Alvvays - Antisocialites
by Anam Zafar
Alvvays’ first album was a gem. A real shining star in the vast universe of first records. However, as well-received as the indie-pop band’s debut was, being released more than three years ago now, it was getting to the stage where those nine delightful songs needed some buddies, and the band haven’t disappointed. Antisocialites is a quality record the whole way through.
The album starts off with three bangers: In Undertow, Dreams Tonite and Plimsoll Punk, all released prior to the album. These first three songs are classic Alvvays. Dreams Tonite, for example, is a dreamy, synth-laden lullaby, with a beautifully fuss-free chorus. The lyrics have the same unashamedly pining feel as many of their songs, with the line “If I saw you on the street, would I have you in my dreams tonight?”, which is especially reflective of their debut single Archie, Marry Me.
Past the three opening songs, there are some moments of experimentation. The section in Forget About Life, for instance, with its minor chords on what sounds like an organ, wouldn’t be out of place on a haunted house ride, and the gleeful cacophony of sound that opens Hey, coupled with its hectic guitar riff, is reminiscent of Menace Beach.
We are still treated to the magical harmonies that are Alvvays’ speciality. Their dreamlike chord progressions are the sort of sonic perfection that gives you warmth in your stomach and is almost like therapy. (Perfect example: the mournful magic that is Not My Baby). Another Alvvays strong point are the middle eights: different enough to give the song a twist, yet tying everything together in a way that gives the remainder of the song a new life, helping it to climax. Guitarist Alec O’Hanley has really taken a step further, too, with some really cool riffs that would make any guitarist smile.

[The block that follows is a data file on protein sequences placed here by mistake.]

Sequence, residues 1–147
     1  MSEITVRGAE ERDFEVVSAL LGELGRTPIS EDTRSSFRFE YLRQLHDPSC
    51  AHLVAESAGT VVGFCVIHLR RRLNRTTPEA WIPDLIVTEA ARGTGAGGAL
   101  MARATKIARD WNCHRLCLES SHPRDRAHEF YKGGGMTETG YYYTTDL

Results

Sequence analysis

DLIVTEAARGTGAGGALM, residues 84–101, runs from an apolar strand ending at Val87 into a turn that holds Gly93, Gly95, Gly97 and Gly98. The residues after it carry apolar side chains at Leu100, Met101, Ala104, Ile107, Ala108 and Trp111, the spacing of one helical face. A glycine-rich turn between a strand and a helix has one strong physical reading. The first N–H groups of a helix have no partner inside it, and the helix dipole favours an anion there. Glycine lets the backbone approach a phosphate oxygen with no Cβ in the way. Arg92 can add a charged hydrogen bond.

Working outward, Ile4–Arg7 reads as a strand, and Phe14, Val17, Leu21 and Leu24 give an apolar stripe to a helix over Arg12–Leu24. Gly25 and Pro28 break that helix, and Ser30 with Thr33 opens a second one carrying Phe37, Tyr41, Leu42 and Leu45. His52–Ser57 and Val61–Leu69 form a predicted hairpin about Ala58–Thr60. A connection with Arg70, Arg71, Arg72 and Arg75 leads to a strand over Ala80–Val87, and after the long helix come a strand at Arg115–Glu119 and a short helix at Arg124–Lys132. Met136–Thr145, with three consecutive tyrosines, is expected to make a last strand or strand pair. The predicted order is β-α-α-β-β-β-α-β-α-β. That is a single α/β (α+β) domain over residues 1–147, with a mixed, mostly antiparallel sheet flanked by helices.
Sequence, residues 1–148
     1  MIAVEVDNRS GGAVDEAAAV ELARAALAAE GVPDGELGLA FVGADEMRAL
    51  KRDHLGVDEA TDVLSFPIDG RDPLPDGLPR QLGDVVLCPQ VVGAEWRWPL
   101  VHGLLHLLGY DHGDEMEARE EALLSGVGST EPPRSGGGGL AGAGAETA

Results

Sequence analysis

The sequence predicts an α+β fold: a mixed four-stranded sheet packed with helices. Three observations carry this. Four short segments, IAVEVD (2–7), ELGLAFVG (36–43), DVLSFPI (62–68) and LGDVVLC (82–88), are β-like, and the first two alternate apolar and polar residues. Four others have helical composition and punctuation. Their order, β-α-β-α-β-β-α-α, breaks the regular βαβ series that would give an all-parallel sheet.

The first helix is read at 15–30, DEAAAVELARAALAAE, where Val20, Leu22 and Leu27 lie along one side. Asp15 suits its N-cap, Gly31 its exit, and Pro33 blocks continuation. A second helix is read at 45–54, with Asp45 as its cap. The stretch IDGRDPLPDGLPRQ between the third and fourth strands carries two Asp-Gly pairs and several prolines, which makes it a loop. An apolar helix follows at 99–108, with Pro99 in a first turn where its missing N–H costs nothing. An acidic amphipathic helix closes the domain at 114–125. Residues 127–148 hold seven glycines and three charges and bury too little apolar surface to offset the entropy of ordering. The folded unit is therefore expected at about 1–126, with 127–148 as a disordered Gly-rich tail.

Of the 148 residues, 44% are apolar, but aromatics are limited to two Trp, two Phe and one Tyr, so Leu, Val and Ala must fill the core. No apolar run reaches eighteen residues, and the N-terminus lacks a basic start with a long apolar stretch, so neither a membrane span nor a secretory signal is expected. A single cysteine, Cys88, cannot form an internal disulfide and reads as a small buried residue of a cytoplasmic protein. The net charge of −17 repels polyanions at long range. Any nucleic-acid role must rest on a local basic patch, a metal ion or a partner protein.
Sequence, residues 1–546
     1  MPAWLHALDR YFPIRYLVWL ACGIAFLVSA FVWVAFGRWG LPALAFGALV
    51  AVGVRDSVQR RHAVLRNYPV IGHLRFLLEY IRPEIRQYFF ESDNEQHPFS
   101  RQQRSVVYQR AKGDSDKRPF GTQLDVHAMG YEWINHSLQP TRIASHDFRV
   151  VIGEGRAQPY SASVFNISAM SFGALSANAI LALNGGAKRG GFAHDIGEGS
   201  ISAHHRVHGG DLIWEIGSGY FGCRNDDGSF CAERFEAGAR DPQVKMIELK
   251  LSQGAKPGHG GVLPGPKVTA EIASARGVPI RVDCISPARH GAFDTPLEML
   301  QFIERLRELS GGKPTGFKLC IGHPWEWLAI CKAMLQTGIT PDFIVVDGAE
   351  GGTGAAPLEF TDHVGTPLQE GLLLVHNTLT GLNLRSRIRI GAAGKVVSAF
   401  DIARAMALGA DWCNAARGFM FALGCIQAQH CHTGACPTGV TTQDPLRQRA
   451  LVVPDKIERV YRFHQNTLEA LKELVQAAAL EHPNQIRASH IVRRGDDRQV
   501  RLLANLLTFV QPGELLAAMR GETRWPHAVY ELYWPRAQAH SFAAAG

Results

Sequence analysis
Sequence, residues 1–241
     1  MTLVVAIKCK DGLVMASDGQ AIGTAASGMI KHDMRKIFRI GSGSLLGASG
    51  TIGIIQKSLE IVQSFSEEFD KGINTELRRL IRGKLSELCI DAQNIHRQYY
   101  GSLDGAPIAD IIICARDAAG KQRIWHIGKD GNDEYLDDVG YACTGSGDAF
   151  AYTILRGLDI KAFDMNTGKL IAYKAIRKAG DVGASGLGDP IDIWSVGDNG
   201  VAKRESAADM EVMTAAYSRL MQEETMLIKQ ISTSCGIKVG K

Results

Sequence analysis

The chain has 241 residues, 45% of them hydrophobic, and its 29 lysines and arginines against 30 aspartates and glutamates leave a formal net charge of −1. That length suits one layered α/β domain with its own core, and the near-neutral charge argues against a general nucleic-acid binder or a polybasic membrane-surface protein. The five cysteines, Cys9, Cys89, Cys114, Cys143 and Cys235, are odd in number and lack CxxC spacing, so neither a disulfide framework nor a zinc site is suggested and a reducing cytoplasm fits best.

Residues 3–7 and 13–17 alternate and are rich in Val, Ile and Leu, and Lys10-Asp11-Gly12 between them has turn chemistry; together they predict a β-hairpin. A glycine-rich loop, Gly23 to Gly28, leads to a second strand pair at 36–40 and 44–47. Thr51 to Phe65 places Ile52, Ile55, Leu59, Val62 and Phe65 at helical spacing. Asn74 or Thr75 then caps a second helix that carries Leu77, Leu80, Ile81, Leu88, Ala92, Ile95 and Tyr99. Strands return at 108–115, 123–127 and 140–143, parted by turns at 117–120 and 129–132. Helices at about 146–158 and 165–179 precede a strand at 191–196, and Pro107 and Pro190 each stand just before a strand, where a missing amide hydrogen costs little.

Rankin’s lyrics continue to make the mundane magical, dwelling on life’s trivial details, like “the tealights on your mantle”. She puts to music the moments, good and bad, that we may mull over privately but wouldn’t usually share with someone else. The result of this alternates between almost creepy romantic obsession, like the time when “you touched my wrist and said you liked my keychain”, or raw sadness. We are encouraged to take pleasure in the small things, sometimes to comic effect: “Take that photo of the Mona Lisa, get thrown out of the Louvre”.
The curious album title could very well be a reflection upon the band members themselves. In an interview with DIY Magazine, frontwoman Molly Rankin and guitarist Alec O’Hanley discuss their need for alone time in the initial stages of songwriting, stating that coming up with song ideas can be “embarrassing” and revealing that Rankin was sent away to the Toronto Islands alone to get her musical cogs rolling again.
“Who starts a fire just to let it go out?”, sings the frontwoman on Dreams Tonite. The band without a doubt started a fire with their critically-acclaimed debut, and they have no intention of letting the attention fall away from them just yet. Life seems sweeter with Alvvays as its soundtrack, so let’s hope the music keeps coming.